Even though we have also suffered throughout the years with numerous cases of inconsiderate and ill-willed acts of vandalism, and it does get frustrating at times, the good that comes from the ministry far outweighs the need to get held back by the unfortunate inconveniences caused. Even though it gets disheartening to find our box and its donated goods get destroyed, scattered, or misused on occasions, none of that can ever outmatch the real good that we are able to give and bless those in need. Even though we have seen people who took everything and left nothing for others, and it does get tempting to judge their intentions at times, we pray that they genuinely find the appropriate help through those donated items. Even though parishioners and others tell us to put up cameras around the box to provide better protection and surveillance from vandalism and abuse, I always insisted on protecting the anonymity and dignity of the poor. Being poor myself in the past, I want people to have the freedom to find help without being tracked or looked at as obstacles or spectacles. Even though there are good intentions of how to better do things, especially to protect the valuable donated goods, the Blessing Box teaches us that true charity has its challenges, but we should never stop doing good even though it gets challenging.
For me, as a Catholic and a priest, I have seen charity being misused and simply acts as a slogan, propaganda, or self-serving political or social purpose. In a day and age where we hear a lot about tolerance, goodness, equality, and all the typical “trigger” words that advocate for a more caring, compassionate, and understanding society and world, it is important that we truly practice charity in a personal, humble, and unpretentious way. Instead of using charity as a way to attract attention, glorify one’s self, gain popularity or create a false self-image, we are called to truly care and love others in a patient and willing way, even when it gets hard and challenging at times. Only true charity and love will change the world, especially when each and every one of us lives as the Lord teaches instead of vainly pursuing and promoting empty, vocal, and meaningless political or social agendas. Hence, this leads me to my next point and story learned…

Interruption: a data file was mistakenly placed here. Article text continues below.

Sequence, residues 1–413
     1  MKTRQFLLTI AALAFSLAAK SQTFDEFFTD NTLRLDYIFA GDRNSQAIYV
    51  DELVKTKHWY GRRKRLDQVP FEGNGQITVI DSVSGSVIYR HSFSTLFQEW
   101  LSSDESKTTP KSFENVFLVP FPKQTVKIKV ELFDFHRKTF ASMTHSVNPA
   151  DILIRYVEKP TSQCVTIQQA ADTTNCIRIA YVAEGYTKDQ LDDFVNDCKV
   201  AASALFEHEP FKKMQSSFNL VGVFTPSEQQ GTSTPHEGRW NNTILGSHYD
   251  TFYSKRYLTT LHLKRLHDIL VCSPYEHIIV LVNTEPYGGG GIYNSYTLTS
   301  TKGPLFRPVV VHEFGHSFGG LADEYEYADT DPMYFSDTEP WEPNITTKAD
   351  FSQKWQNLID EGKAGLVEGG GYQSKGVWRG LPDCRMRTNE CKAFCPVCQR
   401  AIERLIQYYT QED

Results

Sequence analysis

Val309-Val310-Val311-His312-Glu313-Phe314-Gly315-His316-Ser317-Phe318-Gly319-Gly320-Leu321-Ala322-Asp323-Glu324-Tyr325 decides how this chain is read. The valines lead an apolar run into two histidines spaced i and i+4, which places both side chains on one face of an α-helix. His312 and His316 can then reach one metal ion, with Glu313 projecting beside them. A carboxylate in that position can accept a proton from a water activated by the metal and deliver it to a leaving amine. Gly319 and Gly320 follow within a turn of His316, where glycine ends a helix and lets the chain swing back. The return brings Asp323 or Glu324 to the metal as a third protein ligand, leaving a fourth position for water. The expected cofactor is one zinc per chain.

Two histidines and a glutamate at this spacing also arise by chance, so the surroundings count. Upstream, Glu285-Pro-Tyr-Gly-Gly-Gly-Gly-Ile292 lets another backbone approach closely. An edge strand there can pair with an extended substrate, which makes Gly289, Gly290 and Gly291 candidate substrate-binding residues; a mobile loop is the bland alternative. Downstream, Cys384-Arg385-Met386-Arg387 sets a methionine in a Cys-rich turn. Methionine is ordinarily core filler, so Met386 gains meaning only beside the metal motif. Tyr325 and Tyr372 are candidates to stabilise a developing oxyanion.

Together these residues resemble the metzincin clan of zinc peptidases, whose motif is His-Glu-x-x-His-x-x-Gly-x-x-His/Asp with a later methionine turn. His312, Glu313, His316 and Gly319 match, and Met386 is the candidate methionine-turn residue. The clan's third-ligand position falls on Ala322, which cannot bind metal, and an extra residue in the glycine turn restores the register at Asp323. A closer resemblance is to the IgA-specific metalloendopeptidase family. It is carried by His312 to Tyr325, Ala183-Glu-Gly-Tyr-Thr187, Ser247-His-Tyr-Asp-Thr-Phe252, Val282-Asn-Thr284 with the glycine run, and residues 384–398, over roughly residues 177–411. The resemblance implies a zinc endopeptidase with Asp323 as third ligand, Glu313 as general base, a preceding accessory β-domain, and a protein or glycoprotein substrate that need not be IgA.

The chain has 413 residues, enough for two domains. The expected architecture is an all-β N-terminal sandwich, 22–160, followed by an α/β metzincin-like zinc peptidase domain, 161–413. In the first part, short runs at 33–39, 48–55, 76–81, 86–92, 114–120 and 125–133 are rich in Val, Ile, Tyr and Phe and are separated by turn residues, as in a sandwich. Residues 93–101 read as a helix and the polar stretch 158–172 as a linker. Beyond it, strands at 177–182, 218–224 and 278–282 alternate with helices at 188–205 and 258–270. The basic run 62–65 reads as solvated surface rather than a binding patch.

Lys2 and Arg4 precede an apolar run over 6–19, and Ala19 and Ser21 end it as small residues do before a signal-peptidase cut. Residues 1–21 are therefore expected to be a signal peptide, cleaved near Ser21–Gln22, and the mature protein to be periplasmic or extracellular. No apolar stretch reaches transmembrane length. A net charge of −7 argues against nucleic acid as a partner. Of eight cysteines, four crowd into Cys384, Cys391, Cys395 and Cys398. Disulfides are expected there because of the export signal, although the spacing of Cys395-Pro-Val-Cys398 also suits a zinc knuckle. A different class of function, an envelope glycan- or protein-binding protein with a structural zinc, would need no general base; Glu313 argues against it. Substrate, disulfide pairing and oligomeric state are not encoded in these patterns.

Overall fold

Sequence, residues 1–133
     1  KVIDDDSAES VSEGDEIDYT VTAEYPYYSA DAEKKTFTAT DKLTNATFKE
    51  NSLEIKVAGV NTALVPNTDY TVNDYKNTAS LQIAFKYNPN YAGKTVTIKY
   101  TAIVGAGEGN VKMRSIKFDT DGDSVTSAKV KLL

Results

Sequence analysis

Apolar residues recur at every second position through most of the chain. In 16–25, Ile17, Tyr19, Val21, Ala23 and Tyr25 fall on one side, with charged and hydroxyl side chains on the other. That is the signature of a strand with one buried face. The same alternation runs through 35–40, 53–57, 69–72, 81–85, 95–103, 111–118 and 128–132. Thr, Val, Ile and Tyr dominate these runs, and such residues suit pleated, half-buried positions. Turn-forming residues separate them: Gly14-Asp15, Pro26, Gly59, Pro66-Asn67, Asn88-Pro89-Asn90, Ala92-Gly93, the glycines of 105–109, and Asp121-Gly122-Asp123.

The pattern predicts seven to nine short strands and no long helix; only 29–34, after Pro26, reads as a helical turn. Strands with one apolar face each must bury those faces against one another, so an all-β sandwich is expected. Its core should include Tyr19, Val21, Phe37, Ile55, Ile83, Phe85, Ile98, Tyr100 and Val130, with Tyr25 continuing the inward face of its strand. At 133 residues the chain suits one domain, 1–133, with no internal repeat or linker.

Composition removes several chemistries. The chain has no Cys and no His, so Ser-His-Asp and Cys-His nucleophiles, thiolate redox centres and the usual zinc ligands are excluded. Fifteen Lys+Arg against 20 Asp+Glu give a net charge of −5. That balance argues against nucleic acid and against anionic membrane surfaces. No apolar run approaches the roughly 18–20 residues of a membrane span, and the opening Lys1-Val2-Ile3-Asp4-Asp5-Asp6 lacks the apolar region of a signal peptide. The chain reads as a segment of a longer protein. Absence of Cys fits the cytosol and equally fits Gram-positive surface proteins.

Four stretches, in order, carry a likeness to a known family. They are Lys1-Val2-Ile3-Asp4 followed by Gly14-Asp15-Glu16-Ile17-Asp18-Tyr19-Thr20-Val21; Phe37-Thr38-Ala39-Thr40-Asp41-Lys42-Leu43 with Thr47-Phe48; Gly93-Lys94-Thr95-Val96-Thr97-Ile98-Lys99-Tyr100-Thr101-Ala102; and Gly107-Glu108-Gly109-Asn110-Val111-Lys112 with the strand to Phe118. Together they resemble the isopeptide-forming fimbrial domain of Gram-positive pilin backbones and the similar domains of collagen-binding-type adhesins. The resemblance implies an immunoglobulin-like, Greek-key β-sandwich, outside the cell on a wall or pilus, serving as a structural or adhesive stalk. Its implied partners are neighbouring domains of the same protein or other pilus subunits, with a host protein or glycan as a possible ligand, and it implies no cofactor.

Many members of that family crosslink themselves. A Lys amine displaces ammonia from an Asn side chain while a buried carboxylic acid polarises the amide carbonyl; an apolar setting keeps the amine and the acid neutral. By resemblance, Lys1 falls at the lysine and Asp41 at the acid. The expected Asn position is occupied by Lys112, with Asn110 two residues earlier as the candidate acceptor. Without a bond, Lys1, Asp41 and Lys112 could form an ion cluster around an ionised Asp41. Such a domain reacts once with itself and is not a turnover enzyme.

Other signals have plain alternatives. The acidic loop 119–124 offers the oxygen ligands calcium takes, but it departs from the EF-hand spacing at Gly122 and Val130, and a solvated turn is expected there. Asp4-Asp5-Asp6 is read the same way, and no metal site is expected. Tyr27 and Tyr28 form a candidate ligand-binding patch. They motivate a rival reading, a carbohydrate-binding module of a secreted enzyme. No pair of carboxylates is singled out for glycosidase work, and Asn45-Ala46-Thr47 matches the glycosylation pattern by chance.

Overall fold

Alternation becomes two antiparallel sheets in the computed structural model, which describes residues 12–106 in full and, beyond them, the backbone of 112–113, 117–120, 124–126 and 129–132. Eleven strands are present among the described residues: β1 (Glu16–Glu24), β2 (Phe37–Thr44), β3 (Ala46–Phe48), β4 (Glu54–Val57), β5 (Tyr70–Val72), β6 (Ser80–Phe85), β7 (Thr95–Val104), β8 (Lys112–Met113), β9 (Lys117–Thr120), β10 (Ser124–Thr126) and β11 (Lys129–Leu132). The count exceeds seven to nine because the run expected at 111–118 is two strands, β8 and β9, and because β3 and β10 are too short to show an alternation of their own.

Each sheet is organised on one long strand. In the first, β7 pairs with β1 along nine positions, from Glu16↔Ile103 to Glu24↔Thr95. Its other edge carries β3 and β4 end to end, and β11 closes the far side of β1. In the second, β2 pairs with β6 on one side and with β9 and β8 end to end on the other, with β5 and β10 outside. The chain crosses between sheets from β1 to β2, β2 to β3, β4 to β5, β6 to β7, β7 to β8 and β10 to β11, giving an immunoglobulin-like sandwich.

One day, the parish secretary and I saw a police patrol vehicle stopped and an officer was talking to a teenager in front of our Blessing Box. Wanting to give them privacy, we kept an eye from the Parish Office but paid attention to what was going on. After the conversation, the police officer came to talk to me. He explained that the teen had a rough day at school and decided to put frustrations at our Blessing Box. Being misunderstood for something that was wrongly blamed for, it was easier to put that sentimental and emotional reaction toward something else. It was wrong and the action destroyed several good items that could have been used for others, but I thought what the police officer did was commendable. Instead of doing the typical police actions prescribed by the law, he took the time to talk to the young person. I believe that this type of policing and human response is much better than what we would typically do or react as human beings! When we take the time to talk to a person, it empowers the person and, at the same time, teaches valuable life lessons. By learning to take the time to respond instead of reacting, we lead others to a higher state of dialogue, learning, understanding, and communication instead of turning to destructive raw, emotionally, or sentimentally reactionary actions. When we dialogue and communicate effectively, our respect, care, and compassion empower people as we respect their dignity as human beings, and much more for us as Christians, because we see in them His image and likeness — as children of God.